So first off, this area was settled in 1799 by Francis Wideman, who was widely believed by the locals to be a sorcerer who, according to his own brother, John Morse, could “conjure up the devil.” So there’s that!
Now, The Morse Mill Hotel was originally built in 1816 by John Morse, he was an engineer that was well known for building bridges. In the beginning it was a modest little place but a little later, Morse decided that it was time to add on so it was expanded into this 5300 sq ft. monstrosity of a residence. But, since then, this joint has been used as a hospital for Confederate war prisoners, a hotel, a whore house, speakeasy, a post office and a half way house and, it’s also rumored to have been one of the connections for the underground rail road, so yeah, there’s a little history there right!
Needless to say, there’s been some pretty interesting folks known to hang out at this place. One of them was one of the first known female serial killers in the U. S., Bertha Gifford. Seems old girl had a lot of folks fooled back in the day. Locals thought she was just a kind hearted chick that would show up at the homes of sick family or friends to help comfort them and maybe help out around the house. Well, it never failed that shortly after she left the house, folks would drop dead.
So, after the locals started noticing a pattern, they started watching her. She was showing up at these homes with cyanide laced truffles. *Foot note here folks, just in case you need it for some reason, cyanide kind of smells like almonds, so just throwing that out there if you were considering baking a cake or something and taking it over to your ex or, whatever.
Well eventually the law figured out what she’d been doing and they went to arrest her. She was tried but found not guilty due to insanity. So, old girl spent the rest of her life in the nut house where she died in 1952. Bertha took out somewhere in the neighborhood of 20 people withe her toxic truffles.
Besides this crazy tramp, there were quite a few other well known folks that hung out at the Morse Mill, Folks like Frank Dalton, Al Capone, Charles Lindbergh, Charlie Chaplin and Clara Bow.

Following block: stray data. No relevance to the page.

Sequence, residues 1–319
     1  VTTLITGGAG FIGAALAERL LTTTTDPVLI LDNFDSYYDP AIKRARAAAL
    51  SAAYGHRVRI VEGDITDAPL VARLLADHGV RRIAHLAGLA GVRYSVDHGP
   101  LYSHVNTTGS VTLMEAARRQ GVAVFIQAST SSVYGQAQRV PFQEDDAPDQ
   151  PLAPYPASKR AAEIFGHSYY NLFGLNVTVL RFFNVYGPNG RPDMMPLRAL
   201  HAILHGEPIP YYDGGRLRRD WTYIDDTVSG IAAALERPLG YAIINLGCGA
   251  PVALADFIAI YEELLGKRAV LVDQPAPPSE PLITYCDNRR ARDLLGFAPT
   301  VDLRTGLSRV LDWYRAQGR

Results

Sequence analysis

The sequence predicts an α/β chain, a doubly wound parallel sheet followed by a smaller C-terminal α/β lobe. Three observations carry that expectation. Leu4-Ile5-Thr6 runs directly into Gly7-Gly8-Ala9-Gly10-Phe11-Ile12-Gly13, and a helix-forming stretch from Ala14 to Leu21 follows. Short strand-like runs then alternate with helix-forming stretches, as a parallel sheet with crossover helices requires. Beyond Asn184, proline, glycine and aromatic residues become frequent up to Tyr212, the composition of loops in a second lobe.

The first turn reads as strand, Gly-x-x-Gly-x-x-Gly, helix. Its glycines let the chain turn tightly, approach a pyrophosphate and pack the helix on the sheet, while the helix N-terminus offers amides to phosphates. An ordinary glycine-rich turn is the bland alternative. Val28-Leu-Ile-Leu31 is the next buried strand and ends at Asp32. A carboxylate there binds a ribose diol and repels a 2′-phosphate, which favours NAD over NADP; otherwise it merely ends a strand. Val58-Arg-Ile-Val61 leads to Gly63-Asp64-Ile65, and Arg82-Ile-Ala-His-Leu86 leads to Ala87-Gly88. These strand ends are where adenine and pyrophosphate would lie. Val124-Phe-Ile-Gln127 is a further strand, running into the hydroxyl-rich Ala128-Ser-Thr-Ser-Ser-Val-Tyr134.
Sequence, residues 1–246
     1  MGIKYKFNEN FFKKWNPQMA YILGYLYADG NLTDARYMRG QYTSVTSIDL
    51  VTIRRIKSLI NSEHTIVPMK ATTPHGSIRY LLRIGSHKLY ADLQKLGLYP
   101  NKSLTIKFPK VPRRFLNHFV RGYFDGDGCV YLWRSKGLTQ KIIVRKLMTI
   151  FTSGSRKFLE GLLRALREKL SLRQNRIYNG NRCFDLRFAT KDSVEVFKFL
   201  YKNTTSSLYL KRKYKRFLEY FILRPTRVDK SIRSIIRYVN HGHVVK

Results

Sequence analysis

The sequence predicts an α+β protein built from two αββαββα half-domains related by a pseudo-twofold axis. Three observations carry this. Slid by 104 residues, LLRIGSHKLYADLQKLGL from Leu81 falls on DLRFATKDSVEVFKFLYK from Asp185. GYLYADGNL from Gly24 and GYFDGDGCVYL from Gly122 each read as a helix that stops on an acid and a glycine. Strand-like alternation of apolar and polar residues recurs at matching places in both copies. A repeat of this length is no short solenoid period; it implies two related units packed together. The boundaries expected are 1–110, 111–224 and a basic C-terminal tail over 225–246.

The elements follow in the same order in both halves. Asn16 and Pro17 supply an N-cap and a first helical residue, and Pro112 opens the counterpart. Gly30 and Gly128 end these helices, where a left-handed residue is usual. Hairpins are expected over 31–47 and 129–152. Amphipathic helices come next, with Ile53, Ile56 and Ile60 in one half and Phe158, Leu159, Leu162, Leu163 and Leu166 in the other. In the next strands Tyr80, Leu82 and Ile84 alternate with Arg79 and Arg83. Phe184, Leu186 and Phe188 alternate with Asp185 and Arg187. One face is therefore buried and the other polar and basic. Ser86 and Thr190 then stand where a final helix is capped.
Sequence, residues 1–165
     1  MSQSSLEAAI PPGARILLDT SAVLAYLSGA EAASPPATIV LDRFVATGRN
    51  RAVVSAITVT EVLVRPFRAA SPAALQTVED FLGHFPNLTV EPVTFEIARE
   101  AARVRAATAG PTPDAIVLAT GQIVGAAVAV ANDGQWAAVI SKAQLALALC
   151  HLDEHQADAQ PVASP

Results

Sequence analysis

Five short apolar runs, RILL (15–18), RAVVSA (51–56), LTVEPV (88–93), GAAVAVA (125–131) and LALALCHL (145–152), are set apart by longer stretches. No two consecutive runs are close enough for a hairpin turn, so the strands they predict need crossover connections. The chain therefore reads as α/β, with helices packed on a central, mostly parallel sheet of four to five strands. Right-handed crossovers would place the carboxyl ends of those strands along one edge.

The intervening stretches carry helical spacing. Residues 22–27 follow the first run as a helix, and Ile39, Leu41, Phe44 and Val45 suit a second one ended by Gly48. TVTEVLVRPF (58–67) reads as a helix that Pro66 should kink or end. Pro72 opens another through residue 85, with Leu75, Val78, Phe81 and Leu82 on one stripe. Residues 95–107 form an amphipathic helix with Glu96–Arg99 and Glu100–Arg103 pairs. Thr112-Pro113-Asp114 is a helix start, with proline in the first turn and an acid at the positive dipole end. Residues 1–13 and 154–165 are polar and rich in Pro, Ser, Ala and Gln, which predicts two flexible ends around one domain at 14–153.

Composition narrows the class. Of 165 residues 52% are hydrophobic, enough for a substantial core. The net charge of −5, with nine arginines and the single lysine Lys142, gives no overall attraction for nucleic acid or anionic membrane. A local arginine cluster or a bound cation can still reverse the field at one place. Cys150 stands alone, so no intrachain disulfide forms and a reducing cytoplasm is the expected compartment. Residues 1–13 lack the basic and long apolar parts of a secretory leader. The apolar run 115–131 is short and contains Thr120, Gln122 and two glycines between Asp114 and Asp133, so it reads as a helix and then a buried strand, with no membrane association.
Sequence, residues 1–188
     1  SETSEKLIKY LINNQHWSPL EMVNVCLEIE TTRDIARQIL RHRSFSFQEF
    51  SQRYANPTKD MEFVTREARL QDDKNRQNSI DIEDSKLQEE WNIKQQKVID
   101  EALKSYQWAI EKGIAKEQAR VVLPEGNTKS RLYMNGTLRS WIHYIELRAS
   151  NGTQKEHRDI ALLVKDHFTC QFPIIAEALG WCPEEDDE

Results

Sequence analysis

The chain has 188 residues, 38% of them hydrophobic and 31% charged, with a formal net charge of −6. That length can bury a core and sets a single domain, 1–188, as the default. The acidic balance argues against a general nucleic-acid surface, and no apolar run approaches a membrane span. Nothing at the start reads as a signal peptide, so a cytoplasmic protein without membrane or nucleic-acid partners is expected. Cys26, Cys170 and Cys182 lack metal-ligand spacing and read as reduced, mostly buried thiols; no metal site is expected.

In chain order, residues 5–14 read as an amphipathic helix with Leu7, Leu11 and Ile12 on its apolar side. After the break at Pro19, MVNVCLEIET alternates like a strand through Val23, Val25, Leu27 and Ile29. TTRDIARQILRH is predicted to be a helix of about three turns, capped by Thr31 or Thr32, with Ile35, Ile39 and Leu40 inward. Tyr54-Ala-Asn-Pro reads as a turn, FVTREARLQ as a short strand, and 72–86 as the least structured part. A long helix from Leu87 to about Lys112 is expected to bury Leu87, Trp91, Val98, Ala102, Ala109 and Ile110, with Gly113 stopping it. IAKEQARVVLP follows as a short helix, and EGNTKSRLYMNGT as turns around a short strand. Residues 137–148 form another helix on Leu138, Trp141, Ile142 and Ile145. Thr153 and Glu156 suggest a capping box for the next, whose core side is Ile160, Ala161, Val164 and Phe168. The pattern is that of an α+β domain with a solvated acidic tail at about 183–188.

So obviously this dude Morse is doing pretty well financially with a client list like that right! Well, in 1847, he built a commercial grist mill on the River using slaves to quarry the stones for the building. He also wound up owning two general stores and a contracting company before going on to be a state politician. After Morse dies the residence became the Riverside Hotel and was expanded again. Morse Mill then turns into a resort town, for the rich folks.
Ok, so now you have a pretty good rundown of the history on this joint right, let’s talk about a few of the documented experiences that have gone down here.
So there’s this article about a documentary called the “Morse Mill Project” that was being filmed in November of 2008. These guys got tons of documentation while they were there investigating! All of them reported seeing the dark shadow of a towering man there. Their cameras were under constant attack and on more than one occasion, some of them would randomly raise up from the floor and rotate 360 degrees. While they were upstairs, one of the investigators was scratched through her shirt by some unseen clawed hand. Then, the team heard a loud metallic sounding clattering coming from downstairs. They snatch up their equipment, run downstairs and find that the fireplace poker had been bent into a U shape and flung into the coal bed.
In another article in Haunted Times Magazine, there was a write up from this other paranormal investigation team that caught some pretty eye opening evidence. Before their equipment was even set up, on the first walk-through of the building, one of the investigators was scratched across his neck, leaving 3 distinct fingernail marks with him for the remainder of the investigation.
This article made reference to when Morse Mill was being used as a homeless shelter. There were constant reports from the residents of a big black shadow person, Other reports said that folks were seeing faces in the mirrors as well.
Today, Morse Mill has undergone restoration and is set up as a B&B, there are tours available and of course you can grab a room there, if you want to test your luck!